Being overweight or obese in midlife and beyond increases the risk for dementia even if there is no history of diabetes and vascular disease.
With 1.6 billion adults around the world being overweight, controlling body weight can help prevent dementia in seniors, the researchers say.
Recent research has shown a link “between midlife obesity and dementia, but for overweight, the association has been controversial,” said lead author Weili L. Xu, MD, PhD, a postdoctoral researcher in the Aging Research Center, Karolinska Institute, Stockholm, Sweden. “But from this twin study, we demonstrated that both overweight and obesity increases the risk of dementia in later life.”
The study was published in the May 3 issue of Neurology.
The research study used data from the nationwide Swedish Twin Registry between the years 1998 and 2001. The twins in this registry were age 65 years and older. 13,723 twins completed cognitive screening tests and 8534 were included in this study.
The protocol included a neuropsychological assessment, including the Mini Mental State Examination (MMSE). Researchers calculated body mass index (BMI) at midlife (mean age, 43.4 years) using self-reported weight in kilograms divided by self-reported height in meters squared and categorized BMI into 4 groups: underweight (BMI < 20), normal weight (20-25), overweight (26-30), and obese (>30).
Dementia was diagnosed in 350 of the 8534 participants (4.1%), including 232 with Alzheimer’s disease and 74 with vascular dementia; 114 (1.3%) had what was considered questionable dementia.
Compared with those without dementia, twins with confirmed or questionable dementia were older; had lower levels of education and current BMI; and were more likely to have diabetes, stroke, and heart disease.
The study showed a strong link between dementia and midlife BMI. In the model adjusted for age, sex, education, diabetes, hypertension, stroke, and heart disease, both overweight and obesity at midlife were associated with increased dementia risk compared with normal BMI.
In this study, 29.8% (2541) of the twins were overweight or obese at midlife, a percentage much lower than the over 50% who are currently considered overweight or obese in the United States and Europe. This, said Dr. Xu, is because the data are from 30 years ago, before the global obesity epidemic.
In a matched case-control analysis of 137 dementia-discordant twin pairs a high BMI equaled a higher rate of dementia.
Because twins share the same genes and early life environment, these 2 factors might help explain the link between body weight and dementia, said Dr. Xu.
In the case of only 1 twin developing dementia, that sibling might have been exposed to a trigger in early life that turned on a gene that increased the risk for obesity or dementia, she added. Dr. Xu and her colleagues have shown that the FTO gene, for example, is associated with both obesity and Alzheimer’s disease.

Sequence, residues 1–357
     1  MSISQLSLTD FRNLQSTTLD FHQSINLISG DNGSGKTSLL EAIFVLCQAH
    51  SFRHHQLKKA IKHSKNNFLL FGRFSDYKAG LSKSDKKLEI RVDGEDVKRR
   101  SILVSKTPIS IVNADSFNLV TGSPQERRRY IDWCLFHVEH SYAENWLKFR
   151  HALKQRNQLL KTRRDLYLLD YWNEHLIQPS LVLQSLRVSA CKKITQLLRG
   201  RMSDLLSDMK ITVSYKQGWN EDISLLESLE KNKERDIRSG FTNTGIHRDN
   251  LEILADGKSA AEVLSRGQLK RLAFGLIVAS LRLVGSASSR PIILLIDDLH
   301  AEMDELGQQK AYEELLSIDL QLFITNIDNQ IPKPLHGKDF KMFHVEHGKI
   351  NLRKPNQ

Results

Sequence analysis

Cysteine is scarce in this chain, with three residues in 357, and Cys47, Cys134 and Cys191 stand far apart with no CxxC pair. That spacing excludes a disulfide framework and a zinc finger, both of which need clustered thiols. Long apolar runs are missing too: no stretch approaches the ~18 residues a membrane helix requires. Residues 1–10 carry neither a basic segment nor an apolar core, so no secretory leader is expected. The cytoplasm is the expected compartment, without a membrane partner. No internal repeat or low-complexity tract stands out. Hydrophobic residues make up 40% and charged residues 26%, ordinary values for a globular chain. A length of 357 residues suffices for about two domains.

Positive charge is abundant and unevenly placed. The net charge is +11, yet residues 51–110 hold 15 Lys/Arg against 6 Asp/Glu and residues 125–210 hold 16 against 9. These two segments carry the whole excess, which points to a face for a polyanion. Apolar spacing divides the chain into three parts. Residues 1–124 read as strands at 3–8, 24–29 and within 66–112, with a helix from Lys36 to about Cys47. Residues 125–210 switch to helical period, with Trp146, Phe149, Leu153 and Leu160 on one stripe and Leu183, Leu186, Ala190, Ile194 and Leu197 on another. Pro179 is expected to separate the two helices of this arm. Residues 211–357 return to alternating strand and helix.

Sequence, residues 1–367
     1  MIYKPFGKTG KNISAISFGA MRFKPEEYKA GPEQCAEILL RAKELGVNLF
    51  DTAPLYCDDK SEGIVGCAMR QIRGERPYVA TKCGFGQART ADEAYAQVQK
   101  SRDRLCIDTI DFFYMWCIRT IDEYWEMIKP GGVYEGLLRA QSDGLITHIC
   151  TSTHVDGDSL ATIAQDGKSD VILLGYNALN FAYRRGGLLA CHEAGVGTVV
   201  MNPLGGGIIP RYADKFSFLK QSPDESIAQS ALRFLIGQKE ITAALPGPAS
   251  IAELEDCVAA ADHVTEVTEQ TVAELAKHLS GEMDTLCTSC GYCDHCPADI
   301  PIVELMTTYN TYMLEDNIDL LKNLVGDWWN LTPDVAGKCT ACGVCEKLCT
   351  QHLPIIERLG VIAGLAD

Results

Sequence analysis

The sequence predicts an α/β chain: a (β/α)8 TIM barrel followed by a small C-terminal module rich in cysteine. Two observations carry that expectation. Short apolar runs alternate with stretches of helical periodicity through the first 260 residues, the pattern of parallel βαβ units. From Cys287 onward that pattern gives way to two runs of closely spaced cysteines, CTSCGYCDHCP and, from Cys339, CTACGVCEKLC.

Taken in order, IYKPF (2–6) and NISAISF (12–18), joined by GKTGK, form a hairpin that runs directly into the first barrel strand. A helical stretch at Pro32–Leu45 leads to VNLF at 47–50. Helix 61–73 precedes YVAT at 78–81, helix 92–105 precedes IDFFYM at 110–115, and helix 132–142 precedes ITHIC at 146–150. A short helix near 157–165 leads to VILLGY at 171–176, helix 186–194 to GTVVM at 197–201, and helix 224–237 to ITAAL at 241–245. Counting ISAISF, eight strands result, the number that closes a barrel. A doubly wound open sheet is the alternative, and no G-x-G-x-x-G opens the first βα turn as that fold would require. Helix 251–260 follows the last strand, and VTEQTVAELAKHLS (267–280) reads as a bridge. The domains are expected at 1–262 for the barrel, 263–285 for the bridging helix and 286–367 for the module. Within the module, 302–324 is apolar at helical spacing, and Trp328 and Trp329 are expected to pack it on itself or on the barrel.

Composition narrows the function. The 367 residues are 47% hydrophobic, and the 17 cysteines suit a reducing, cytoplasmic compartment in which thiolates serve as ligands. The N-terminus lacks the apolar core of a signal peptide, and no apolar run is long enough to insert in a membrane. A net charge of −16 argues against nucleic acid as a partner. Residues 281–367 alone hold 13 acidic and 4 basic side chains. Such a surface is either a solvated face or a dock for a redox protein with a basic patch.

In addition to the contribution of genes, the link between body fat and dementia could involve a vascular pathway, said Dr. Xu. “High body fat is associated with diabetes and vascular disease, which in turn are related to dementia risk.” However, this study controlled for lifespan vascular disease, suggesting that the pathway may be nonvascular.
If that’s the case, the pathway may involve metabolism. High adiposity is associated with an altered metabolic status, including hyperglycemia, hyperlipidemia, and high blood pressure. This can contribute to the metabolic syndrome, which other studies have linked to cognitive decline, said Dr. Xu.
Or, the association could also involve a hormonal pathway or inflammation, said Dr. Xu. “Adipose tissue is the largest endocrine organ and it secretes inflammatory cytokines and growth hormones such as interleukin-6 and C-reactive protein, and also leptin, which is associated with obesity.”
Whatever the mechanism, the important message is that overweight and obese people need to lose weight. Dr. Xu emphasized that even though the study looked at midlife body weight, “it’s never too late” to shed excess pounds.
She added that physical activity can reverse the risk for dementia due to obesity. “This is part of our ongoing study, but preliminary results already show that if you do more physical activity, you can reduce your risk of dementia.”
John Hart, MD, professor of neurology, Southwestern Medical Center, Dallas, Texas, and member of the American Academy of Neurology, emphasized that the study shows correlation between obesity and dementia and does not prove cause and effect.
As for the contribution of environmental factors, Dr. Hart agreed that twins share genes, but they don’t necessarily share the same experiences that might trigger a genetic reaction. For example, one twin may have had a severe infection or a head injury that the other twin didn’t.
This is just one more wake up call to stay fit and eat right.
Excerpts courtesy of http://bit.ly/jMOFVc
Image courtesy of http://bit.ly/jwm4lE
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